Giancarlo Fisichella may have been fortunate to take pole position for the Australian Grand Prix, but he made no mistake in a flawless race performance to double his F1 victory tally with a lights-to-flag success in Melbourne.

Not needing Renault's legendary launch system to carry him into an early lead, the Italian eased away from compatriot Jarno Trulli over the opening half-dozen laps, establishing a cushion that served him well over the rest of the afternoon. Trulli proved to be the only driver able to live with the R25 in the opening stages, after a first lap reshuffle saw David Coulthard and Mark Webber lose time as they continued to duel and various slower cars propelled up the order in a topsy-turvy qualifying gradually become rolling roadblocks for faster machinery behind.

A string of fastest laps - although not new records owing to the winter rule changes - saw Fisichella ease away from his pursuers, all of whom, Felipe Massa excepted, opted for the same two-stop strategy as the pole man. Renault had shown its pace in testing, but no-one quite expected Fisichella to control the race in quite the fashion he did.

The Italian's task was eased, of course, by the fact that much of the expected opposition was mired down the order after being caught out by the conditions in Saturday qualifying. Although the second session, held on race morning, would usually offer a chance for redress, the margins were so great that only a few managed to claw back vital positions. It was then left up to the first lap skirmishing to establish the running order, but the likes of Michael Schumacher, Kimi Raikkonen and Juan Montoya never made up enough ground to be serious threats.

The world champion made his job harder by opting for a between sessions engine change that ensured he would start from the back row, while Raikkonen's fractious weekend got worse when he stalled on the grid and had to start from pit-lane. The Finn turned in a blinding opening lap to be sitting directly behind Schumacher at its end, but the pair were only 15th and 16th, and bottled up behind Takuma Sato and the one-stopping Felipe Massa.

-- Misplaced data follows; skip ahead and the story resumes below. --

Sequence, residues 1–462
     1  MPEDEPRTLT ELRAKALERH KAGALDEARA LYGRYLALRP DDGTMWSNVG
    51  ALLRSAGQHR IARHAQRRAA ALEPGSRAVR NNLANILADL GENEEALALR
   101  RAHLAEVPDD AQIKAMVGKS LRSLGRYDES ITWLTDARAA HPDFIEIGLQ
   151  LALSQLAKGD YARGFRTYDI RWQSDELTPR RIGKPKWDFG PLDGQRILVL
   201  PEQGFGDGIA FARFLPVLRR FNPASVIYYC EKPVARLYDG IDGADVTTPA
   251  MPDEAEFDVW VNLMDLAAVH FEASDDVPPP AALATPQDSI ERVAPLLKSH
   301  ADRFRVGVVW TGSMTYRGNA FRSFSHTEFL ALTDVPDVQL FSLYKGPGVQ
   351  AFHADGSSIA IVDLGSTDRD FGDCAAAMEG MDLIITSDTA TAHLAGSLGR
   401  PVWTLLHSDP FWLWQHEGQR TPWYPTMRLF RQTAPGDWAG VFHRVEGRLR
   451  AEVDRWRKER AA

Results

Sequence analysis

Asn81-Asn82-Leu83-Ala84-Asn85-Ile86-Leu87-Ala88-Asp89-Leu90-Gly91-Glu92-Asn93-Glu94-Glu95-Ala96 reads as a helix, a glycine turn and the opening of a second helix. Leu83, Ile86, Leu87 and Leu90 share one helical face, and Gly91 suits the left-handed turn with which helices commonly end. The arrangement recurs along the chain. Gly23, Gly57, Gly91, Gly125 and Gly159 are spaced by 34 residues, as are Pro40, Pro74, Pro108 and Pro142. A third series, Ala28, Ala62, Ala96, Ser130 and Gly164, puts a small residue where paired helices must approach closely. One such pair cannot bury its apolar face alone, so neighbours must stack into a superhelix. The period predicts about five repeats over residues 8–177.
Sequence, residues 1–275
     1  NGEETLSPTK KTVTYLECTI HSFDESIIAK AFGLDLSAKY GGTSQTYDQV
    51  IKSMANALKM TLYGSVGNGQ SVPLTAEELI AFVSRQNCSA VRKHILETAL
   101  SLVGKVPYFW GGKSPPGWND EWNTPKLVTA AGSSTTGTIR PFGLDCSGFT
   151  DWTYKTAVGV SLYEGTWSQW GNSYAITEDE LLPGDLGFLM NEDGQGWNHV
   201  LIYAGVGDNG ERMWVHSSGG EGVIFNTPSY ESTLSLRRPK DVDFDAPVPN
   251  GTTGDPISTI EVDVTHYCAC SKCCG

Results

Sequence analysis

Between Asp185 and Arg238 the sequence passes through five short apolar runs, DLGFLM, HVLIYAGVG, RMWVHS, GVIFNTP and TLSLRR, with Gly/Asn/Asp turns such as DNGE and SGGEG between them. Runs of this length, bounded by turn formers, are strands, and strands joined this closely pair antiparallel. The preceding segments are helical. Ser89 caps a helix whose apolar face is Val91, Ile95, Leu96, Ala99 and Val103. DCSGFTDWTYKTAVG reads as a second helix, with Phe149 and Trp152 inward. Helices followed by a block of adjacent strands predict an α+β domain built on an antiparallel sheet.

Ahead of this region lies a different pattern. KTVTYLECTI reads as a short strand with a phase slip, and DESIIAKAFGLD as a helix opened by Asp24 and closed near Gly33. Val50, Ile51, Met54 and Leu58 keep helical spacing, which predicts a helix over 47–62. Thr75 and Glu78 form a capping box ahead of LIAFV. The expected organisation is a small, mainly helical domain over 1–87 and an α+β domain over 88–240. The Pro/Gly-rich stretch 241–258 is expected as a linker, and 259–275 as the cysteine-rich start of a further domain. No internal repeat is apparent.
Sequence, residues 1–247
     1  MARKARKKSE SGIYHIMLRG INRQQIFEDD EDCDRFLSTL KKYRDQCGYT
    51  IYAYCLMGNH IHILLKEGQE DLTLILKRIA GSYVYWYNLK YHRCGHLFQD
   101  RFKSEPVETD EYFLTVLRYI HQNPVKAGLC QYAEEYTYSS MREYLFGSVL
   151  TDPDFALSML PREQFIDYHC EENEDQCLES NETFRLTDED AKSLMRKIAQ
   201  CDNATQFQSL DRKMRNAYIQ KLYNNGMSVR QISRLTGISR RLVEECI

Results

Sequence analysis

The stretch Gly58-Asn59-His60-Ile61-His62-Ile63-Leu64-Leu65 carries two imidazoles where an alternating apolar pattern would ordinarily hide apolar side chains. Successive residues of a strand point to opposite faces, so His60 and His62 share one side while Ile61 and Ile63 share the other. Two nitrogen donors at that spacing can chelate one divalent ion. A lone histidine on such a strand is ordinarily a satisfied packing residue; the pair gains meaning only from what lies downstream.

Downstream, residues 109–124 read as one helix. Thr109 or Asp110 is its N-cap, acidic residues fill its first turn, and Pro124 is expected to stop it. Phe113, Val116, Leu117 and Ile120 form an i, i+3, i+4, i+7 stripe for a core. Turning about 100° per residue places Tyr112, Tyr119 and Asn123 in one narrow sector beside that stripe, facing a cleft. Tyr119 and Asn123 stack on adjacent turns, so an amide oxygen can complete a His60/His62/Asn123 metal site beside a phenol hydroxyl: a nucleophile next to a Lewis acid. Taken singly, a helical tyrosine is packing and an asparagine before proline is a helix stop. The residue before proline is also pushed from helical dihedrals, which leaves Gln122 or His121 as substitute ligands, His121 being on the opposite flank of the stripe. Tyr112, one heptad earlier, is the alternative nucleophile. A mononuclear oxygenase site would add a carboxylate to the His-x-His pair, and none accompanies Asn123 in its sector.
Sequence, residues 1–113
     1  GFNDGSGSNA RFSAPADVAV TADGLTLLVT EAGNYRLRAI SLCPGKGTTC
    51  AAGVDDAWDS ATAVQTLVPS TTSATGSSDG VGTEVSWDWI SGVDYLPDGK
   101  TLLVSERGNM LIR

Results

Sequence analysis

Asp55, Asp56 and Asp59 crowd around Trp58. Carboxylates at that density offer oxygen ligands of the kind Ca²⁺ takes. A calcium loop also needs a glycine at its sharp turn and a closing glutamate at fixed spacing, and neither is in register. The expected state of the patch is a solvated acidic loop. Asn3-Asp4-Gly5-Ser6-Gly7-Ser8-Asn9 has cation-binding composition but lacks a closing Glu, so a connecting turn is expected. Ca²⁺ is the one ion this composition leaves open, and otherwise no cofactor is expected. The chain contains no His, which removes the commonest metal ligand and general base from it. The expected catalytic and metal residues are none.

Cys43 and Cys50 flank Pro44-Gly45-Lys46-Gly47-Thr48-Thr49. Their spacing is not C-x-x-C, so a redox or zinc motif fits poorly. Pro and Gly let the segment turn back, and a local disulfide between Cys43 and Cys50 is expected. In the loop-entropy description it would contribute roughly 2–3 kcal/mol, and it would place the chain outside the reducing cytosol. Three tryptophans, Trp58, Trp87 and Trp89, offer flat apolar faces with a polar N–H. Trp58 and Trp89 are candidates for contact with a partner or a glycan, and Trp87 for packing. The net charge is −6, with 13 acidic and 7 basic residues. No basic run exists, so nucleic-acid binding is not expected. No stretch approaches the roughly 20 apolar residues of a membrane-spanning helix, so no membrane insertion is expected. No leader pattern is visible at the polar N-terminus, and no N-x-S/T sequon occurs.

Montoya made a better fist of it, bolting from ninth on the grid to seventh at the start, but then found himself on the tail of a train that stretched as far as third. The man driving the train was none other than that who JPM replaced at Woking, for David Coulthard had made a good getaway to usurp Jacques Villeneuve - who moved the opposite way down the field - and dived inside local hero Mark Webber at turn four to claim third. Webber gave valiant chase, while Williams team-mate Nick Heidfeld moved up to fifth after his own good start.

Villeneuve was among the biggest losers on lap one, dropping to ninth, while former BAR team-mate Jenson Button also lost vital ground as he dropped back to eleventh. Benefiting from the Briton's misfortune was the second Renault of Fernando Alonso and Rubens Barrichello, who sensed a rare early season opportunity to be best Ferrari. Both would play a central role.

The Italian axis at the front of the field lasted until Trulli became the first to stop for fuel under the new rules that prevented tyre changes also taking place. That did not stop the Toyota team - and others after them - still fielding as many men around the car as before and, frankly, it looked a little incongruous. Trulli's stop prompted a chain reaction down the field but, with Fisichella not requiring a top-up for a further five laps, did little to prevent his fellow Italian from extending his advantage.

The action, as has become the norm over the past twelve months, was taking place deeper in the field, with Alonso passing Villeneuve at Ascari, before being repassed at the next turn by the still feisty Canadian. The battle continued to rage for sometime, until the charging Spaniard repeated the move and made it stick ten laps later. Once free of the Sauber, Alonso began to make the second Renault fly, trading fastest laps with the frontrunners and making a solid points finish look possible.

Two of those frontrunners had already been involved in a brush of their own, with Coulthard being caught out by a hard-braking Minardi and clipping the back of the black-and-white backmarker, to the detriment of his nose. The damage was never enough to halt the Red Bull car, but it did allow Webber to see a chink in its defences. The Australian was quick to pounce, moving to the inside of the next corner, only to find Coulthard resisting to the end. The result was one Williams on the grass, and DC holding on to third spot.

The first round of pit-stops quelled some of the arguments, but firmly elevated both Alonso and Barrichello into the frame for podium finishes. The Brazilian inherited the lead when Fisichella stopped, but quickly handed it back under similar circumstances. Among the biggest losers, ironically, was Trulli, who found himself passed by both Coulthard and Webber - as well as Barrichello and Alonso - beginning a slow slide backwards - and out of the points - for a man who had been delighted to give Toyota its highest ever grid placing just hours before.